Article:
Without a doubt, artificial intelligence (AI) is changing how we do things. From today’s iterations that power apps in your smartphone, to promises of super-intelligent AI in the next few decades, more companies are pushing for integrating AI technology into what they do. All of this means that there could soon be a new AI business sector thanks to an explosion of innovation, according to Bruce Aust, vice chairman of the U.S. stock exchange Nasdaq.
Speaking to CNBC at the ongoing Web Summit conference in Lisbon, Portugal, Aust predicts that AI could lead to the creation of completely new industries or sectors. “I think AI is really going to be the technology behind a lot of these great companies that provide the innovations that will be a new sector we probably don’t know about yet,” the Nasdaq chief said.
By AI, we don’t just mean having a smart virtual assistant like Alexa and Siri, or a dedicated AI like DeepMind. AI in business is more the “under the hood” type. Already, AI is taking center stage in some of the biggest names in tech, including the likes of Google, Amazon, Microsoft, Facebook, and Apple.
Then, there’s the growing self-driving vehicle industry, which Aust used as an example. “You look at autonomous vehicles, things like that, they really do use a lot of artificial intelligence too,” he told CNBC. “So I think we’re excited about the early stage companies that are here, and we hope that eventually they’ll come to market and list on Nasdaq one day.”
On the other side of this development, however, is the ever-present threat of unemployment due to intelligent automation. Smart machines are going to take over a number of jobs from multiple industries, particularly those in so-called blue collar work. Some might point out that it’s already begun, with companies hiring a more automated workforce.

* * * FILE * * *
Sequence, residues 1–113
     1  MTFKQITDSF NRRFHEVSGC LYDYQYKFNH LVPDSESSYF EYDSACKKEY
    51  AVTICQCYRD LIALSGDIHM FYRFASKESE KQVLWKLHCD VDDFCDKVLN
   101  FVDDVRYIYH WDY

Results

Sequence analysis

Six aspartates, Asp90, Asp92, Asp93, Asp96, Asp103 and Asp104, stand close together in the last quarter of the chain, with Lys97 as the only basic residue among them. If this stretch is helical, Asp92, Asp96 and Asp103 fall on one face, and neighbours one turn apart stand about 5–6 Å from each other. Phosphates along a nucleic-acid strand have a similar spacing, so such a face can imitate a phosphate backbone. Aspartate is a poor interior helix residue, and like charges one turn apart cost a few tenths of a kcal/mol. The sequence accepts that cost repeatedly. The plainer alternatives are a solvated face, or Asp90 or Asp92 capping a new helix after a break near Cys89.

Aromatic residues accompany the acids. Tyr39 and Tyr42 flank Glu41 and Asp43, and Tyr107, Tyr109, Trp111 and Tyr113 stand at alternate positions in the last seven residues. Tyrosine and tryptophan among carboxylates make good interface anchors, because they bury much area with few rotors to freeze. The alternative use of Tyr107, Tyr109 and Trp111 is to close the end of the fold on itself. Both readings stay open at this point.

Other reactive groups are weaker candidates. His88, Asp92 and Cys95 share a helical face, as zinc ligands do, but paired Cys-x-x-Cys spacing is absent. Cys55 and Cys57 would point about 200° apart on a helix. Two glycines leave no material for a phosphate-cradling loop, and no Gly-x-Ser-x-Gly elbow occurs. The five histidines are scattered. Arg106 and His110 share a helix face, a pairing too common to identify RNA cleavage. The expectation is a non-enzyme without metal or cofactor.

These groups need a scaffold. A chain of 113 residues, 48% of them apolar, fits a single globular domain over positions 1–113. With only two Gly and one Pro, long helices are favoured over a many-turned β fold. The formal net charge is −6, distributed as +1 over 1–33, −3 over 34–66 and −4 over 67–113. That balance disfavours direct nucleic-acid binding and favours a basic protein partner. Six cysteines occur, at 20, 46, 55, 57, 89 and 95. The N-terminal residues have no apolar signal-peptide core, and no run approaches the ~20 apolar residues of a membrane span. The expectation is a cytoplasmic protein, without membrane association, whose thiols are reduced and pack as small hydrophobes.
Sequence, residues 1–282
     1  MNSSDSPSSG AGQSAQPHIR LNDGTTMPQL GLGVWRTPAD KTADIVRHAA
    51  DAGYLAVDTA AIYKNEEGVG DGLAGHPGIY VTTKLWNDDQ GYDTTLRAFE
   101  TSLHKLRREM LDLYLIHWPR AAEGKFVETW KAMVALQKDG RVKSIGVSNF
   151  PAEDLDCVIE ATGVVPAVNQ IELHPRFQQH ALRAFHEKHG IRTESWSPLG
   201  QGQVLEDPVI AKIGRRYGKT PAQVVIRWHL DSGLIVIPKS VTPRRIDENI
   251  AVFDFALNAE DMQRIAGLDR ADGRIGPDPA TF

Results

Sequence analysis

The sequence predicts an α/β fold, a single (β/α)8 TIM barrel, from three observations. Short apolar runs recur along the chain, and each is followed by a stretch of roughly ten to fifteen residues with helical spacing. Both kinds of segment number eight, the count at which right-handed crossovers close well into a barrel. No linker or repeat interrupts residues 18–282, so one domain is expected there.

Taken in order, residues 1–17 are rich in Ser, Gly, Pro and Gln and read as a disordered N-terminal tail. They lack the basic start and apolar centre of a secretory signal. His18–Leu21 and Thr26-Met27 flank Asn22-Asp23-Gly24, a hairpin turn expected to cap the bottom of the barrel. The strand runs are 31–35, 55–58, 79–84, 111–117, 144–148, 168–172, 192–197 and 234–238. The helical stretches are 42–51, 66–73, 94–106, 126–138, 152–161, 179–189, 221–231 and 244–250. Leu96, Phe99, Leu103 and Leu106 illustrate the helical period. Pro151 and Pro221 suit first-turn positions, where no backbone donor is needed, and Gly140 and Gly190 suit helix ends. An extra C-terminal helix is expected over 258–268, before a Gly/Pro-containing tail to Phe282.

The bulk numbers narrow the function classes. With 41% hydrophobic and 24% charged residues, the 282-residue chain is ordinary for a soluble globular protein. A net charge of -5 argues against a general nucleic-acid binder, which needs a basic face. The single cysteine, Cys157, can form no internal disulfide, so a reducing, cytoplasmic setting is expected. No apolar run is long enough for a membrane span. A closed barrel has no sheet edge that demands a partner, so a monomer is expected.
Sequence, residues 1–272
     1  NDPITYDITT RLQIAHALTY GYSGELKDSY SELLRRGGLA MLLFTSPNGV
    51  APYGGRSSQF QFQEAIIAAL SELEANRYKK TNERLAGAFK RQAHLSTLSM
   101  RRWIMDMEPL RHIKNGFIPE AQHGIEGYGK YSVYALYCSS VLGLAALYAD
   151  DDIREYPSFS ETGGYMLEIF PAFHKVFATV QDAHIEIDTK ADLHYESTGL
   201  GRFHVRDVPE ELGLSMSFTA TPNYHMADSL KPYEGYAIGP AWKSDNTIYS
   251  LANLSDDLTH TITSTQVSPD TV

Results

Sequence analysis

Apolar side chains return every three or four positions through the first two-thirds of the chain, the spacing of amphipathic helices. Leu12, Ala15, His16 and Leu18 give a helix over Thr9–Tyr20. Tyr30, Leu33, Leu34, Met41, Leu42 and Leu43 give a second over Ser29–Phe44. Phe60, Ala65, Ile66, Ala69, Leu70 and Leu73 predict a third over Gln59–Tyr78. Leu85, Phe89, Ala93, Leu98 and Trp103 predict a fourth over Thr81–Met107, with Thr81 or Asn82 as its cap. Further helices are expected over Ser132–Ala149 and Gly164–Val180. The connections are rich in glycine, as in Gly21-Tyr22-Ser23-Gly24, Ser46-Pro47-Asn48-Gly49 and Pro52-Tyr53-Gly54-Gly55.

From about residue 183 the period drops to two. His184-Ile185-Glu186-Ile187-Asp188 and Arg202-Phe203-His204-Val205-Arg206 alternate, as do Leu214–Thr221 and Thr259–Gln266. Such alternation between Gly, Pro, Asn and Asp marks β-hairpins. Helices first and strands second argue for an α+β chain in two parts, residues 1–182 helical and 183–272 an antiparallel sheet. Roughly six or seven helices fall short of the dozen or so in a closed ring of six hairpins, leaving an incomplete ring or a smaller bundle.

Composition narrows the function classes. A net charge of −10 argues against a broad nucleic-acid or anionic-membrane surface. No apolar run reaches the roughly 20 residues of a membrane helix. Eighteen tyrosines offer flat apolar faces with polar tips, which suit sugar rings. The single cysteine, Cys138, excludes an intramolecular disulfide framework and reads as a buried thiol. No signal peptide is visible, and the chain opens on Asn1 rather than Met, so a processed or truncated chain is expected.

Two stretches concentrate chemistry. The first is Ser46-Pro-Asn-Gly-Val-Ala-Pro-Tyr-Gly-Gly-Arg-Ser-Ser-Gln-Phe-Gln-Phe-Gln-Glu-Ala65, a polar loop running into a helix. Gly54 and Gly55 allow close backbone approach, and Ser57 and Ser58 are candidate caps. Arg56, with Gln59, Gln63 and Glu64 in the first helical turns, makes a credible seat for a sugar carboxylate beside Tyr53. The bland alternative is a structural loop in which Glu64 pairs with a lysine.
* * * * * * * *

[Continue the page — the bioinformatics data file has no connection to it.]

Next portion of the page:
Job displacement by intelligent machines have caused some experts to warn about the problems AI could bring. More recently, physicist Stephen Hawking once again put these concerns forward in a recent interview with WIRED, where he warned about AI replacing humans — and he wasn’t just talking about jobs. And just like Hawking, Tesla CEO and founder Elon Musk also has misgivings over the development of AI; however, he said that intelligent automation isn’t necessarily something to be feared. (You need only visit his factories to watch robots working in the Model 3 production line.) Instead, Musk has always warned about the threat of super-intelligent or deep AI.
It’s clear that AI could be “applied to really enhance and modernize a lot of things that we’re doing today,” Aust said. AI won’t stop at just taking over jobs. Instead, it’ll go on to create more jobs. Just as Google’s chief engineer Ray Kurzweil previously pointed out, by the time AI becomes super-intelligent, there should be new jobs for human beings to work in alongside it.